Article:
THE LION'S ROAR Two Discourses of the Buddha Translated from the Pali by Bhikkhu Nanamoli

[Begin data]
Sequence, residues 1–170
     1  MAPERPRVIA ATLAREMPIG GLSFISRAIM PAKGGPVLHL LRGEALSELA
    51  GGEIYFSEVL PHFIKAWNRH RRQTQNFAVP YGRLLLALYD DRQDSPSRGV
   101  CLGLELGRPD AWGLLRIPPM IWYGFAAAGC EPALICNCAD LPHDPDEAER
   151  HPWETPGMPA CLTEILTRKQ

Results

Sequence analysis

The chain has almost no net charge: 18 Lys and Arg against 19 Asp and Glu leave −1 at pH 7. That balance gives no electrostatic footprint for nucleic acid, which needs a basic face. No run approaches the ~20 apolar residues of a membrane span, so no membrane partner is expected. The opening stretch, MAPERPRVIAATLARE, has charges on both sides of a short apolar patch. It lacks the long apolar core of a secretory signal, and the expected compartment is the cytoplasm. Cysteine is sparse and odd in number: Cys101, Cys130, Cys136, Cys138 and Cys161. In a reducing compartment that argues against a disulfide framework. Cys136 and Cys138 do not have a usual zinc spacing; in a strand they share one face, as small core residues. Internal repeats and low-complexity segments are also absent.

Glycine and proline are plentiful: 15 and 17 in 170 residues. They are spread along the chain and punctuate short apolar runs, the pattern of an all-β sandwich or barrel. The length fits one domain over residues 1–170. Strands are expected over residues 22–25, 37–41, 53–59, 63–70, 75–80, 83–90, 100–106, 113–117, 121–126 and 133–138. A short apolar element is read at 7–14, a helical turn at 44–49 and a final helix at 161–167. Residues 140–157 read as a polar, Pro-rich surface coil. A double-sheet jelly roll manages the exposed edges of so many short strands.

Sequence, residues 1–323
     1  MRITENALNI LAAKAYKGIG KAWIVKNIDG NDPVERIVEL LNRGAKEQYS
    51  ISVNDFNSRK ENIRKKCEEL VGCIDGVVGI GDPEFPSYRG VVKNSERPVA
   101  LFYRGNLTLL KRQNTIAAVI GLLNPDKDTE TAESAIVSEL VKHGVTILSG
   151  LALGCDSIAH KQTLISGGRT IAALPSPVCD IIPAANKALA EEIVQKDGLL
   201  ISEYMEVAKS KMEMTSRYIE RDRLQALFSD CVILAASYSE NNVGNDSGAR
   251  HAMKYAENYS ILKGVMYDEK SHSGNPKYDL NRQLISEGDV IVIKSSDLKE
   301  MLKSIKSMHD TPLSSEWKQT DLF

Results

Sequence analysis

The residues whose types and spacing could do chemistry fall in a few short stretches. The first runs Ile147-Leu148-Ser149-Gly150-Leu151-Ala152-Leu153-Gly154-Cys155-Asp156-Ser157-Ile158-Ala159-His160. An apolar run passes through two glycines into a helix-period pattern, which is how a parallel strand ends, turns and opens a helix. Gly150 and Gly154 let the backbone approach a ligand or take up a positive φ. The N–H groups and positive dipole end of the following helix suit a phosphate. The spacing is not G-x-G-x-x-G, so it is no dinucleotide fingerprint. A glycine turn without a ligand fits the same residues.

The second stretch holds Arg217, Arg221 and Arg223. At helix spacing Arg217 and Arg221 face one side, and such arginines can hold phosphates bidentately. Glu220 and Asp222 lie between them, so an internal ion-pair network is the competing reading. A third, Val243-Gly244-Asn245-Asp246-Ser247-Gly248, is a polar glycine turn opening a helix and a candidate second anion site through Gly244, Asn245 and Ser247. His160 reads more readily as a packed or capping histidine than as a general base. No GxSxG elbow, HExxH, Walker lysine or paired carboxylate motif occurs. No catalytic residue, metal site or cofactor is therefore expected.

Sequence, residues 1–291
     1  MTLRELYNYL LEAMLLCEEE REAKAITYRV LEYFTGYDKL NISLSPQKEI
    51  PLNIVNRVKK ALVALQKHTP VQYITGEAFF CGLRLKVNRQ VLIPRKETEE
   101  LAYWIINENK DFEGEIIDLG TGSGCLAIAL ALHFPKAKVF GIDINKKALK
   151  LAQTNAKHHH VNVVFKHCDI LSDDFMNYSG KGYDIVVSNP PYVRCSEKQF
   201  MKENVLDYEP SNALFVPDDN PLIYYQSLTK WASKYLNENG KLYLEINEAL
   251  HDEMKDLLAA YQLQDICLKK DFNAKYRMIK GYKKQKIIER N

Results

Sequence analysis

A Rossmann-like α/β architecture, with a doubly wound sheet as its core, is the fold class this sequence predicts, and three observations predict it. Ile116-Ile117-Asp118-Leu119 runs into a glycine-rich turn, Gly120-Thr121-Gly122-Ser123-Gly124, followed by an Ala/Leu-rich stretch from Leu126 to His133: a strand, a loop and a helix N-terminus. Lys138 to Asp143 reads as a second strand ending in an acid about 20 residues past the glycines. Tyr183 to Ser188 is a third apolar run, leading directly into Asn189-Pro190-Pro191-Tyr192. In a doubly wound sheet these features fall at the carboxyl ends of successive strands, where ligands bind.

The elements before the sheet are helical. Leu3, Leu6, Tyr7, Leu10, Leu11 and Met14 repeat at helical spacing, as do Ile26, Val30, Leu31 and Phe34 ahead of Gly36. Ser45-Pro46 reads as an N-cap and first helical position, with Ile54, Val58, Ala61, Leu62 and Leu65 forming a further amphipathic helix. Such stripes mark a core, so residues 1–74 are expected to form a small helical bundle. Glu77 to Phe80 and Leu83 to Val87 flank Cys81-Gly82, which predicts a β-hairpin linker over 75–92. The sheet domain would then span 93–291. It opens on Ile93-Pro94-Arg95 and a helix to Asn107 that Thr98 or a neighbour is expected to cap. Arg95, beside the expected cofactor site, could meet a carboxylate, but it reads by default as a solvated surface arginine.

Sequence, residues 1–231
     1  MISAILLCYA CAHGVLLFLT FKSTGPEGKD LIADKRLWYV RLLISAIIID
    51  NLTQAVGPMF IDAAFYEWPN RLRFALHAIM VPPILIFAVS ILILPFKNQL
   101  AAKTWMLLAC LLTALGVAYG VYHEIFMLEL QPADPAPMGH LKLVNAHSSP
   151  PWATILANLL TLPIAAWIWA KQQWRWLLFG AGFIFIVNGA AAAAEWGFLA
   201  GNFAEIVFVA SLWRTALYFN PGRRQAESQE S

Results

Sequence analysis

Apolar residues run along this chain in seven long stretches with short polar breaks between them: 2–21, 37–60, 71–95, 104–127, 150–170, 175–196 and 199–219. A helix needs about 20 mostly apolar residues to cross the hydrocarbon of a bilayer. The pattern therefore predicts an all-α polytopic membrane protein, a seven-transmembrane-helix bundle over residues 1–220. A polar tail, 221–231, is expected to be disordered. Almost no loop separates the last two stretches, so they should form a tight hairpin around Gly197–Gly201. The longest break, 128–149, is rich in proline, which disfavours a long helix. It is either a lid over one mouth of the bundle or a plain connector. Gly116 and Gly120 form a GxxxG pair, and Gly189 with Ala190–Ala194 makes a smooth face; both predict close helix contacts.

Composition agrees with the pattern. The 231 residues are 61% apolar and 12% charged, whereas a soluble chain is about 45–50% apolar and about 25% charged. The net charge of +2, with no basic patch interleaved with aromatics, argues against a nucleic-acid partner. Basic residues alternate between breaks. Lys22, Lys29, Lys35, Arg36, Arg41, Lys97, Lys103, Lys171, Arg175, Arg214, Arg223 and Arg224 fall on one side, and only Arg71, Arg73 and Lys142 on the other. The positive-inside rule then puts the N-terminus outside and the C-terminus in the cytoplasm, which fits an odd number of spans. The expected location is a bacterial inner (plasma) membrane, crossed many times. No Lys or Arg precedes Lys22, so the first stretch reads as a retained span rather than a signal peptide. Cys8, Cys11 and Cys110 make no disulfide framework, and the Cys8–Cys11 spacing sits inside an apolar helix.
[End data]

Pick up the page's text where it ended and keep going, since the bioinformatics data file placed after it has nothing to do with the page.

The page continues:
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THE LION'S ROAR Two Discourses of the Buddha Translated from the Pali by Bhikkhu Nanamoli Edited and revised by Bhikkhu Bodhi The Wheel Publication No. 390/391 ISBN 955-24-0115-1 BUDDHIST PUBLICATION SOCIETY KANDY SRI LANKA Copyright 1993 Buddhist Publication Society * * * DharmaNet Edition 1994 This electronic edition is offered for free distribution via DharmaNet by arrangement with the publisher. DharmaNet International P.O. Box 4951, Berkeley CA 94704-4951 * * * * * * * * CONTENTS The Shorter Discourse on the Lion's Roar SHORTER.TXT The Great Discourse on the Lion's Roar GREAT.TXT About the BPS BPS.TXT * * * * * * * * SUMMARY In the Pali Canon the Buddha often compares himself to the lion, the king of beasts, and one of the epithets the Buddhist tradition ascribes to him is Sakyasiha, the lion of the Sakyan clan. The Buddha describes his proclamation of the Dhamma as his "lion's roar," a designation the commentaries say implies the qualities of supremacy, fearlessness, and unchallengeableness. The Majjhima Nikaya, the Collection of Middle Length Discourses, contains two suttas which bear this metaphor in their title. The Shorter Discourse on the Lion's Roar (MN 11) deals with the delicate question of whether different spiritual paths all lead to the same ultimate goal. If not, the question arises of defining the critical line that distinguishes them, and it is this question that the Buddha attempts to answer in this sutta. The Great Discourse on the Lion's Roar is a text of awesome scope and power in which the Buddha discloses the greatness and loftiness of his own spiritual endowments. Spoken as a rebuttal to the charges of a renegade disciple, the sutta has had such a powerful impact that in ancient times it was also known as "The Hair-Raising Discourse." The two suttas were originally translated by the eminent English scholar-monk, Bhikkhu Nanamoli, in his draft translation of the entire Majjhima Nikaya. The translations have been edited and revised by Bhikkhu Bodhi, who has also provided introductions and notes. * * * * * * * * EDITOR'S NOTE The original translations of the two suttas included in this booklet were made by Ven. Bhikkhu Nanamoli. They are taken from his complete translation of the Majjhima Nikaya, which I have edited and revised for publication by Wisdom Publications, Boston (forthcoming, 1994/95). The numbers enclosed in square brackets are the page numbers of the Pali Text Society edition of the Pali text. The introductions and notes are my own. In these the following abbreviations are employed: DN Digha Nikaya MN Majjhima Nikaya Vbh. Vibhanga Comy. Commentary Bhikkhu Bodhi * * * * * * * *

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